President of South Ossetia

Last updated
President of the Republic of South Ossetia
Coat of arms of South Ossetia.svg
Anatoliy Bibilov EO.png
Incumbent
Anatoly Bibilov

since 21 April 2017
Residence Tskhinvali
Term length 5 years, renewable once
Inaugural holder Lyudvig Chibirov
Formation27 November 1996

The President of the Republic of South Ossetia is the de facto head of state of the partially recognized Republic of South Ossetia that is de jure part of Georgia. This is a list of the de facto presidents of the Republic of South Ossetia and the holders of the precursor to the office.

Contents

List of Heads of State of the de facto Republic of South Ossetia (1991–present)

Chairmen of the Supreme Council (1992–1994, Chairman of the State Nyhas)

No.ImageName
(Birth–Death)
TenurePolitical Affiliation
Took OfficeLeft Office
1 Blank.png Torez Kulumbegov
(1938–2006)
10 October 19904 May 1991 Independent
2 Gassiev 2009.jpg Znaur Gassiev
(1925–2016)
4 May 19919 September 1992 Independent
3 Blank.png Torez Kulumbegov
(1938–2006)
9 September 199217 September 1993 Independent
4 Blank.png Lyudvig Chibirov
(1932–)
17 September 199327 November 1996 Independent

Presidents

No.ImageName
(Birth–Death)
TenurePolitical Affiliation
Took OfficeLeft Office
5 Blank.png Lyudvig Chibirov
(1932–)
27 November 199618 December 2001 Independent
6 Kokojty detail.jpg Eduard Kokoity
(1964–)
18 December 200110 December 2011 Unity Party
7 Vadim Brovtsev (cropped).JPG Vadim Brovtsev
(1969–)
President
11 December 201119 April 2012 Unity Party
8 Tibilov.JPG Leonid Tibilov
(1951–)
19 April 201221 April 2017 Independent
9 Anatoliy Bibilov EO.png Anatoly Bibilov
(1970–)
21 April 2017 United Ossetia

Latest election

CandidatePartyVotes%
Anatoliy Bibilov United Ossetia 17,73654.80
Leonid Tibilov Independent10,90933.71
Alan Gagloyev3,29110.17
Against all4291.33
Total32,365100.00
Valid votes32,36595.72
Invalid/blank votes1,4474.28
Total votes33,812100.00
Registered voters/turnout42,45979.63
Source: South Osetia

Related Research Articles

These are lists of incumbents, including heads of states or of subnational entities.

Ossetia

Ossetia is an ethnolinguistic region located on both sides of the Greater Caucasus Mountains, largely inhabited by the Ossetians. The Ossetian language is part of the Eastern Iranian branch of the family of Indo-European languages. Most countries recognize the Ossetian-speaking area south of the main Caucasus ridge as lying within the borders of Georgia, but it has come under the control of the de facto government of the Russian-backed Republic of South Ossetia. The northern portion of the region consists of the republic of North Ossetia–Alania within the Russian Federation.

South Ossetia Disputed territory in the South Caucasus

South Ossetia, officially the Republic of South Ossetia – the State of Alania, or the Tskhinvali Region, is a de facto state in the South Caucasus recognised by most countries as part of Georgia. It has an officially stated population of just over 53,000 people, who live in an area of 3,900 km2, south of the Russian Caucasus, with 30,000 living in Tskhinvali. The separatist polity, Republic of South Ossetia, is recognized as a state by Russia, Venezuela, Nicaragua, Nauru, and Syria. While Georgia lacks control over South Ossetia, the Georgian government and most members of the United Nations consider the territory part of Georgia, whose constitution designates the area as "the former autonomous district of South Ossetia", in reference to the South Ossetian Autonomous Oblast disbanded in 1990.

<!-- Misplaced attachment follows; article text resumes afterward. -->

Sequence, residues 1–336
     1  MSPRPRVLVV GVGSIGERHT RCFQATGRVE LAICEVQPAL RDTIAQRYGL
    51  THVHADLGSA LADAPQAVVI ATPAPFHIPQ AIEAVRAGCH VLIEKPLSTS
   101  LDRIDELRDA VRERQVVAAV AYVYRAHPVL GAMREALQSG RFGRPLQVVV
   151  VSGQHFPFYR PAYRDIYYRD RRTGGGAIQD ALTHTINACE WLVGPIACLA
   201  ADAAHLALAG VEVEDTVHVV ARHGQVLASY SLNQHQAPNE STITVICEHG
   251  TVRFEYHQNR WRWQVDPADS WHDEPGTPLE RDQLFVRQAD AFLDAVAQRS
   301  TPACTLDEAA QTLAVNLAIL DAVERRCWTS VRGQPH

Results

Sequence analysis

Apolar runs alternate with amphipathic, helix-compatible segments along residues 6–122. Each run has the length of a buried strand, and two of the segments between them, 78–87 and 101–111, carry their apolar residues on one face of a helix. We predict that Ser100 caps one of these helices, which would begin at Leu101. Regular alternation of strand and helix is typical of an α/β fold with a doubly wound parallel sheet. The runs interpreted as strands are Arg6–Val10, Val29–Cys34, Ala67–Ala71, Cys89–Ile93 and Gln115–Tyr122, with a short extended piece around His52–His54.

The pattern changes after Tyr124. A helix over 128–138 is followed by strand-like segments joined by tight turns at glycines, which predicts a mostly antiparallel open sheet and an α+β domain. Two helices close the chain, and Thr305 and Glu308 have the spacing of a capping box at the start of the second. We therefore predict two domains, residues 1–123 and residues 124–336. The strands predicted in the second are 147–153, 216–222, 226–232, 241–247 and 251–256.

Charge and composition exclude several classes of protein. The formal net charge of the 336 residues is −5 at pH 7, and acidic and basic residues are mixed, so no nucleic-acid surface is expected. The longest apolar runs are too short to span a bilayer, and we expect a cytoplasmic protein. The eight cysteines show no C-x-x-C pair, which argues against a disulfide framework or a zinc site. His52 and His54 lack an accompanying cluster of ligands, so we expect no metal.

Administrative divisions of Georgia (country)

The subdivisions of Georgia are autonomous republics, regions, and municipalities.

Abkhaz–Georgian conflict Conflict between Georgia and the de facto independent Republic of Abkhazia

The Abkhaz–Georgian conflict involves ethnic conflict between Georgians and the Abkhaz people in Abkhazia, a de facto independent, partially recognized republic. In a broader sense, one can view the Georgian–Abkhaz conflict as part of a geopolitical conflict in the Caucasus region, intensified at the end of the 20th century with the dissolution of the Soviet Union in 1991.

Georgian–Ossetian conflict 1989–present ethno-political conflict over South Ossetia

The Georgian–Ossetian conflict is an ethno-political conflict over Georgia's former autonomous region of South Ossetia, which evolved in 1989 and developed into a war. Despite a declared ceasefire and numerous peace efforts, the conflict remained unresolved. In August 2008, military tensions and clashes between Georgia and South Ossetian separatists erupted into the Russo-Georgian War.

Frozen conflict Situation in which active armed conflict has been brought to an end, but no peace treaty or other political framework resolves the conflict to the satisfaction of the combatants

In international relations, a frozen conflict is a situation in which active armed conflict has been brought to an end, but no peace treaty or other political framework resolves the conflict to the satisfaction of the combatants. Therefore, legally the conflict can start again at any moment, creating an environment of insecurity and instability.